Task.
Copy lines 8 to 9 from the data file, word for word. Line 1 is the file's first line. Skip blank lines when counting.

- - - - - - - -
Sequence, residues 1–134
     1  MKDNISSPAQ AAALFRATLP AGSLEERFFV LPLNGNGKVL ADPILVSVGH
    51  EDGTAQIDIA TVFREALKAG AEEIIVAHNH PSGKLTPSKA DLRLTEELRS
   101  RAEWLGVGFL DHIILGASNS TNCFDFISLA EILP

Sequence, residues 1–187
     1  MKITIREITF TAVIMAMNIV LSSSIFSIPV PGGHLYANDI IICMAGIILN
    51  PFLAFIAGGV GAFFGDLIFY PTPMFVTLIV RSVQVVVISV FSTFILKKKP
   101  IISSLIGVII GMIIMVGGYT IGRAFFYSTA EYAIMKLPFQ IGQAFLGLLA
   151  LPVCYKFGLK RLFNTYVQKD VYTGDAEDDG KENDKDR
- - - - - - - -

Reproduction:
   101  IISSLIGVII GMIIMVGGYT IGRAFFYSTA EYAIMKLPFQ IGQAFLGLLA
   151  LPVCYKFGLK RLFNTYVQKD VYTGDAEDDG KENDKDR